Low-resource or low equipment sharing resources


The resources on this page have been selected to support educators in finding CREST project ideas that require little equipment, can be run outside of a lab or at home, and use equipment that doesn’t require much sharing.

Find out more about the different CREST Award levels here: CREST Awards.

At primary level, our curated home learning packs don’t require many resources so they’re perfect to use either in the classroom or at home. For Primary teachers who have CLEAPSS access, we recommend this piece on doing Practical activities within your bubble.

At secondary level, each project brief has an overall challenge, ideas for getting started and a list of resources you might need. Read the health and safety section carefully before you begin. Young people should create a plan for their project and a risk assessment before they begin any practical activity. You can use the CLEAPSS student safety sheets as well as the rest of the CLEAPSS website to help them.

If you are looking for further advice on how to get started with CREST, visit our help centre and check out our FAQs.

If you are looking for ideas for running CREST at home, many of the below resources are suitable, and you can still access our Star and SuperStar Home Learning packs below. If you need further support, check out the CREST at home section of the Help Centre.


To browse the resources, click the buttons below or scroll down.
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Gold Grand Challenges

  • Text
  • Industrial
  • Challenges
  • Reduce
  • Crest
  • Materials
  • Ageing
  • Investigate
  • Assess
  • Aviation
  • Mobility
This resource is published under an Attribution - non-commercial - no derivatives 4.0 International creative commons licence (https://creativecommons.org/licenses/by-nc-nd/4.0/).

AI and Data | Future of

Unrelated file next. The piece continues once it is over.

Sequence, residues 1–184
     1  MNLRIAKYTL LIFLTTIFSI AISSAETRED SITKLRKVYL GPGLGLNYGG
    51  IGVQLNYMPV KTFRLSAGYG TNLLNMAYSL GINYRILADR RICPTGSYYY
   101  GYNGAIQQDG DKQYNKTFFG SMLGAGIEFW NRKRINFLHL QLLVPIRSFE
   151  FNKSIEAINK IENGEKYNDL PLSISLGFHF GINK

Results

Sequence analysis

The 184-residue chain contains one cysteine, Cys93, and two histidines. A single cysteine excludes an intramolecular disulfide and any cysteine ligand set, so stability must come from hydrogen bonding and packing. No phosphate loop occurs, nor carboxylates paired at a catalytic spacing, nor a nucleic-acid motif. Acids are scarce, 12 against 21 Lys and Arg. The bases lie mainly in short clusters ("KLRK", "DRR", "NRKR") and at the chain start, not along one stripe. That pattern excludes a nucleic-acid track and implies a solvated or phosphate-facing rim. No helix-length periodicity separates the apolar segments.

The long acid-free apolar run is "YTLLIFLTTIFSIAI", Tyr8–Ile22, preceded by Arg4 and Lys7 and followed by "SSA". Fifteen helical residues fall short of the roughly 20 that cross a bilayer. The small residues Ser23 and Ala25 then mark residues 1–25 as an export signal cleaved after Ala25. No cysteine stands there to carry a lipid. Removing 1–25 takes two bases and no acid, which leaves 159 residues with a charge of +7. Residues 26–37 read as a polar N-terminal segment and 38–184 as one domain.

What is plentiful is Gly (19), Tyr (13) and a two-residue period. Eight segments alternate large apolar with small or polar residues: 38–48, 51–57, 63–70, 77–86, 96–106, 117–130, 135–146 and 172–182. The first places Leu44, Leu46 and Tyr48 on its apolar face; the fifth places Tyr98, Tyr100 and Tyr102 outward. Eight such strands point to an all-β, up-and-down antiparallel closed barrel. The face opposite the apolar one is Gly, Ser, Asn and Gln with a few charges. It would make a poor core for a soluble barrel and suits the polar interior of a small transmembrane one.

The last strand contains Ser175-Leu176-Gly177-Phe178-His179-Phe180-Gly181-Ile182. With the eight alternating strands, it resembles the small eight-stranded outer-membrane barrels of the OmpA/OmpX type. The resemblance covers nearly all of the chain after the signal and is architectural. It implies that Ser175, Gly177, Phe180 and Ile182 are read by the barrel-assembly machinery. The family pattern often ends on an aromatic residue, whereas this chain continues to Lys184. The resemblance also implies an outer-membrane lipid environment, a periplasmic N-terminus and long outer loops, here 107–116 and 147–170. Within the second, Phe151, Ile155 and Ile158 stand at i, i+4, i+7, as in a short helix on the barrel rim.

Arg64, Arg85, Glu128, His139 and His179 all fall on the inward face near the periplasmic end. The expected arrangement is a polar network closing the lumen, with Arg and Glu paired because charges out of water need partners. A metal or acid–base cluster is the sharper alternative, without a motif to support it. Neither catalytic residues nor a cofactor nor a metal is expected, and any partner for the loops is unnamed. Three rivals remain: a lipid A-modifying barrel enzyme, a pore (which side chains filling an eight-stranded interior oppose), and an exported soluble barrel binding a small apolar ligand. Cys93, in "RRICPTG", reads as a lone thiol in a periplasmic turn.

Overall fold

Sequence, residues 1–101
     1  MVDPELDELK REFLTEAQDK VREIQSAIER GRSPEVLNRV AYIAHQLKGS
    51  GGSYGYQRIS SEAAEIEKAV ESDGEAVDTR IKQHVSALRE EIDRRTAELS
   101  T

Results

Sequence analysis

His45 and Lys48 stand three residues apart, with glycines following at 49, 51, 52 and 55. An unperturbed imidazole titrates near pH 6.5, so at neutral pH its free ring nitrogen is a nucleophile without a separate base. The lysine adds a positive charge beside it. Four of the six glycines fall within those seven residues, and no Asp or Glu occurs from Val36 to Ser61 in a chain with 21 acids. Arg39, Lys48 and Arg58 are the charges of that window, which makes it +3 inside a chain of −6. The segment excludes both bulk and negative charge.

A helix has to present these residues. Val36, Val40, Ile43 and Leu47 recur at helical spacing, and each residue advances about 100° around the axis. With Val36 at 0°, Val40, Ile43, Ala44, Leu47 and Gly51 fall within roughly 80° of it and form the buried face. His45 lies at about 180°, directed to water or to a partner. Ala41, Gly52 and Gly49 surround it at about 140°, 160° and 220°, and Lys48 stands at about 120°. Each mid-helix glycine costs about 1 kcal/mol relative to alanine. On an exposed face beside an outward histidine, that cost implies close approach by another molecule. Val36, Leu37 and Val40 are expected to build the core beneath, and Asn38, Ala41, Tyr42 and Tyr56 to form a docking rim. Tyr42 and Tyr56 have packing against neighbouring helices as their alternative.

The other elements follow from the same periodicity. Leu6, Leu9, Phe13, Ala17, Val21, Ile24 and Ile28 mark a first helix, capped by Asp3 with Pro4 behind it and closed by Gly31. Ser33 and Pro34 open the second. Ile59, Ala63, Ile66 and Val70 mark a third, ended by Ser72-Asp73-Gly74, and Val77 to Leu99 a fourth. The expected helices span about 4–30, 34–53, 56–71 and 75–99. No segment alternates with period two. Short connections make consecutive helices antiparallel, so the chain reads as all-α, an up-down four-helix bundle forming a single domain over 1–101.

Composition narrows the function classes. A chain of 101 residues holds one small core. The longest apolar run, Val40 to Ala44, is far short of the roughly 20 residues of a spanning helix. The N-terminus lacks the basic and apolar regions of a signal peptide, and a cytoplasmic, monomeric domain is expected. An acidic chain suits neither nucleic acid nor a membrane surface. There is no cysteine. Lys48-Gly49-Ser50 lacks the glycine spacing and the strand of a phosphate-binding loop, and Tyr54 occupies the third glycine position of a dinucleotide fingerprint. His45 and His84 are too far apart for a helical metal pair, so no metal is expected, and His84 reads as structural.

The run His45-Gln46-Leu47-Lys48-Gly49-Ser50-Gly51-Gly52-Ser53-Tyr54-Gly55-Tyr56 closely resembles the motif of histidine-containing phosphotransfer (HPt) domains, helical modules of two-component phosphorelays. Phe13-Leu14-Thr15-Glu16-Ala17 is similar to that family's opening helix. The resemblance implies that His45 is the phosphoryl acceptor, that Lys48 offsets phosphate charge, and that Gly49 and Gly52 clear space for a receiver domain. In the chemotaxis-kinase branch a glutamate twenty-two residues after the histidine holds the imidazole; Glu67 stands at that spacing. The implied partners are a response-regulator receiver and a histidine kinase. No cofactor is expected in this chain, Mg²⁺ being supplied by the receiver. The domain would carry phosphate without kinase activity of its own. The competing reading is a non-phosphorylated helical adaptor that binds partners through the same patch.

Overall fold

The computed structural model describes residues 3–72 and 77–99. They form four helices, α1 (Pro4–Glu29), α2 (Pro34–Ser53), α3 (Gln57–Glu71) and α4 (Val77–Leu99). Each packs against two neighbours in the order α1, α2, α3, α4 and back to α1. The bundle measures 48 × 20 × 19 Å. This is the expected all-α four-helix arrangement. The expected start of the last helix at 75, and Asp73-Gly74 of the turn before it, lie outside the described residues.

AI and Data | Future of Mobility Are we ready for driverless cars? Project brief In this project you will research the advantages and challenges of driverless cars and assess the public’s opinion of this new technology. Begin by finding out how machine learning is used in driverless cars and some of the challenges faced by the technology’s developers. It is important to plan your approach to your research. Make a list of all the sources of information available to you on driverless cars. This might include news articles, professional journals, public opinion polls, policy documents, case studies and interviews with professionals. Decide which sources you will choose to look at in your investigation and why and consider how you will record your findings in a logical way. If you decide to use case studies in your research, you will need to decide how you will select them. If you are looking at articles you might decide if they are generally positive or negative first before analysing the evidence. If you have access to public opinion polls, try to look at the raw data. You could investigate what people think compared with their background or demographic. You could carry out your own survey to find out what people of different ages and backgrounds think. You could plan and carry out your own interview with an expert professional. This could be someone who works in the car insurance or car manufacturing sectors, or could be a university researcher working on artificial intelligence. Ask your teacher for help connecting with experts. Things to think about • What tasks would a machine be better at than a human driver? • If there was a crash, who would be responsible? • What might be the wider implications if all or most vehicles became driverless? • Can driverless cars safely coexist with other road users? • Who might lose out if most vehicles became driverless? • How might public opinion impact on the future of driverless cars? Useful resources Ask your teacher to help you find an expert mentor: stem.org.uk/stem-ambassadors Articles: • wired.co.uk • newscientist.com • askforevidence.org/help/eviden ce UK public opinion poll results • yougov.co.uk • ipsos.com/ipsos-mori/en-uk Health and safety To avoid any accidents, make sure you stick to the following health and safety guidelines before getting started: • find out if any of the materials, equipment or methods are hazardous using science.cleapss.org.uk/Resourc es/Student-Safety-Sheets/ • assess the risks (think about what could go wrong and how serious it might be); • decide what you need to do to reduce any risks (such as wearing personal protective equipment, knowing how to deal with emergencies and so on); • make sure there is plenty of space to work; • clear up slip or trip hazards promptly; • make sure your teacher agrees with your plan and risk assessment. 12